While some Iranian Americans say Washington should back anti-government groups in Iran, others say heavy-handed tactics could backfire and call for a less confrontational approach.

Trita Parsi, founder and president of the lobby group National Iranian American Council, said Pompeo’s tough talk could fuel grievances, destabilise Iran and set Tehran and Washington on a collision course.

“Criticism of the corruption of the Iranian government is not only often times accurate but also something that a lot of Iranians would agree with,” Parsi told Al Jazeera.

“But the step from there to think that the Trump administration – that currently is undermining democracy in the United States – is the answer to Iran’s lack of democracy, is a major leap of faith that I don’t think most people would take.”

Roozbeh Farahanipour, 47, an anti-regime dissident who left Iran for the US in 1999 and advocates for the overthrow of the country’s religious leaders, was in the audience on Sunday and said that he thought Pompeo was trying to strong-arm Tehran.

“Pompeo is trying to pressure Iran to come to the negotiation table for a deal,” Farahanipour told Al Jazeera. “The US is not interested in regime change and it is not really interested in improving human rights for Iranians,” he added. 

“The decision for regime change is one that should come from the people of Iran, and they will decide to do this, whether it comes sooner or later.” 


Pompeo and his colleagues say they do not seek regime change and just want to alter Tehran’s behaviour.

Speaking on a recent conference call with journalists, a senior State Department official said the US wanted to deter Tehran from developing nuclear and ballistic weapons and supporting terrorism.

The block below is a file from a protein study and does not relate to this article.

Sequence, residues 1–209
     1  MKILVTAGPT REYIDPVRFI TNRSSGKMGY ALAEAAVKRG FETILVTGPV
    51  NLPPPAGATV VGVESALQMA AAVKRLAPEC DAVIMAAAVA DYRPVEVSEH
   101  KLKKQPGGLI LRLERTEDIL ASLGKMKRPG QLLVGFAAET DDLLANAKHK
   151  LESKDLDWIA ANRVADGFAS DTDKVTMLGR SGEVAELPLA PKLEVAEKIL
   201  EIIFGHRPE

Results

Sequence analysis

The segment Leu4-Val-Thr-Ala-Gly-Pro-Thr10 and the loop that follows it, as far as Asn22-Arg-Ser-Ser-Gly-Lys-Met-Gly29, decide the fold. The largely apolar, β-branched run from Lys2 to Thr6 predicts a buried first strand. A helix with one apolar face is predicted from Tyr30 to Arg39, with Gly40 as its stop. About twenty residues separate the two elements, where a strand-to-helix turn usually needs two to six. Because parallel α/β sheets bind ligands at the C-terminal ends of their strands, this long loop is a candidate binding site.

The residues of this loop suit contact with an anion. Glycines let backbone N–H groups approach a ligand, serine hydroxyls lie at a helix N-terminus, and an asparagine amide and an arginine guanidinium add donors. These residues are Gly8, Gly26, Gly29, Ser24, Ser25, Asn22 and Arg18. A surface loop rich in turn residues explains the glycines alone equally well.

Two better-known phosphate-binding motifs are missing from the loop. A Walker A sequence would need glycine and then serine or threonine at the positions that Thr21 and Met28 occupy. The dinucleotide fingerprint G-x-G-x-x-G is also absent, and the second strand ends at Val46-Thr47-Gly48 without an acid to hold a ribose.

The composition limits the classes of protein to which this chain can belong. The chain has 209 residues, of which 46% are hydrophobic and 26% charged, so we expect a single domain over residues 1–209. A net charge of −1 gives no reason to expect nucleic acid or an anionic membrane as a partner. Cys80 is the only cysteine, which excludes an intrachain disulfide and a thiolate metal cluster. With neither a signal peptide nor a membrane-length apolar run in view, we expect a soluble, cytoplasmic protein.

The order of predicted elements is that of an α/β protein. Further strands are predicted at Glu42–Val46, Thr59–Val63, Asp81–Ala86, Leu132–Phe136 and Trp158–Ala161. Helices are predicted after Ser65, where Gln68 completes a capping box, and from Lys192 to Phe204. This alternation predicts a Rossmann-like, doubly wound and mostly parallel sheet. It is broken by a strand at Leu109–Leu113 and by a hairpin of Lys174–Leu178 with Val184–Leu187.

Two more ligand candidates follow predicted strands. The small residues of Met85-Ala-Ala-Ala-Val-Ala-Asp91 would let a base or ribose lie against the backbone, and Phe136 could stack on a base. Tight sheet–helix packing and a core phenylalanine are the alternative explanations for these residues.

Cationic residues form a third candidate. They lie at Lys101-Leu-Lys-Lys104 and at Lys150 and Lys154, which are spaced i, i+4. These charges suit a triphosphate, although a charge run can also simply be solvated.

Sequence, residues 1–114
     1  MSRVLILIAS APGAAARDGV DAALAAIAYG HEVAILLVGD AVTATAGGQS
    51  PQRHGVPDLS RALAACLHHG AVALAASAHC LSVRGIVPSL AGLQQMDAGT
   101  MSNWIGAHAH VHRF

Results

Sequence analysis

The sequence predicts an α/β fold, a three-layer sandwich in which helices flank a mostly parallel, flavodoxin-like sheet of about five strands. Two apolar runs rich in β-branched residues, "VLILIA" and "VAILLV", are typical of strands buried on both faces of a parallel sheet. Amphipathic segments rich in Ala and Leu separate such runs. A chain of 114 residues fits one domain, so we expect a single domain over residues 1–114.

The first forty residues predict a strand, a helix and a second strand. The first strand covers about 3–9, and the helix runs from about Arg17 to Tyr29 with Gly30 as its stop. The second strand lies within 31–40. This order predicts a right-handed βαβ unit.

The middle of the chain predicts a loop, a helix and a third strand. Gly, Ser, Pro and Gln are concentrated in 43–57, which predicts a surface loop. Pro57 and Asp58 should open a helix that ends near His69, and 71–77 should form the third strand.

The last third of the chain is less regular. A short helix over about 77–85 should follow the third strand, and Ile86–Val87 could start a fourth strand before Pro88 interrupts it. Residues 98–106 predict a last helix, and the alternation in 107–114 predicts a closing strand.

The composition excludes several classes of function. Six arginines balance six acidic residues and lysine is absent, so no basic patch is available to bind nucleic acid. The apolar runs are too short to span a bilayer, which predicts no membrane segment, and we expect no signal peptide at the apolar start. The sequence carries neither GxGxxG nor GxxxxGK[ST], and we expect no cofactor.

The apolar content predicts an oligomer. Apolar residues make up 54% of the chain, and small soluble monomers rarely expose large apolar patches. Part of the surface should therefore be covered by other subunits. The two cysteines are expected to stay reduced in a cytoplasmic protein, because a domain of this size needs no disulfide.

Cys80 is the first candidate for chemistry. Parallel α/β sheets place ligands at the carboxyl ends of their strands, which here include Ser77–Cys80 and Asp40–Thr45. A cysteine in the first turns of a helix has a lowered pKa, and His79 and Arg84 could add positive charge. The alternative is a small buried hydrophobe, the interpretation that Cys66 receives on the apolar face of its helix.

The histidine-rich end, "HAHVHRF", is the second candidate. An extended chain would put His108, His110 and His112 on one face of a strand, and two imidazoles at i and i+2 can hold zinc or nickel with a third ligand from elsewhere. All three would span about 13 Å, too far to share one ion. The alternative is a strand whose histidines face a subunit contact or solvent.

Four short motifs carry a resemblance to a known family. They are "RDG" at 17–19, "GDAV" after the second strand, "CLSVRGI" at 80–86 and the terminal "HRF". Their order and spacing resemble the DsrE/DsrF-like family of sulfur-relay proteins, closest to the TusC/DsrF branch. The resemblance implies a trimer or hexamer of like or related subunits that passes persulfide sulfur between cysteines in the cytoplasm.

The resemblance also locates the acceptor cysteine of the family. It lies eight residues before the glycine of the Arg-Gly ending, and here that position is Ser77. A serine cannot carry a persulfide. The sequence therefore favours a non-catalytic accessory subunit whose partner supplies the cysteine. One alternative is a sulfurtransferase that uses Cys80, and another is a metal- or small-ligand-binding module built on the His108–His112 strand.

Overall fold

“This strategy is not all sticks,” said the official, who spoke on the condition that his or her name not be used. “We have presented a very positive vision for the future of US-Iranian relations … it’s a choice that the regime needs to make,” the official added. 

“We have put on the table the possibility of a treaty relationship with the United States if Iran decides to change its behaviour and to start behaving like a normal country.”

Iranian Americans on US policy towards Iran

Iranian Americans typically express a range of views on US policy towards Iran. 


According to an opinion survey by the research group, the Public Affairs Alliance of Iranian Americans (PAAIA), one percent of the 402 respondents backed Iran’s mullah-run system in 2017, while eight percent wanted it reformed. Some 55 percent of Iranian Americans favoured a secular democratic government and 11 percent sought the return of a constitutional monarch.

While 55 percent of Iranian Americans wanted Washington to work to advance democracy and civil rights in Iran, they were more divided on how a US administration should go about achieving this.

Soft power and cultural outreach were relatively popular (37 percent approval), but tougher measures garnered less support.

Eight percent of respondents wanted to see tighter sanctions on Iran or wanted Washington to back anti-regime figures in Iran, while seven percent wanted the US to boost support for regional US allies like Israel and Saudi Arabia.

Washington has long called Iran the world’s leading “state sponsor of terrorism” because Tehran arms and funds proxy armed groups like the Lebanese Hezbollah group. Iranian leaders reject US claims about developing nuclear weapons and supporting terrorism.

Source: Al Jazeera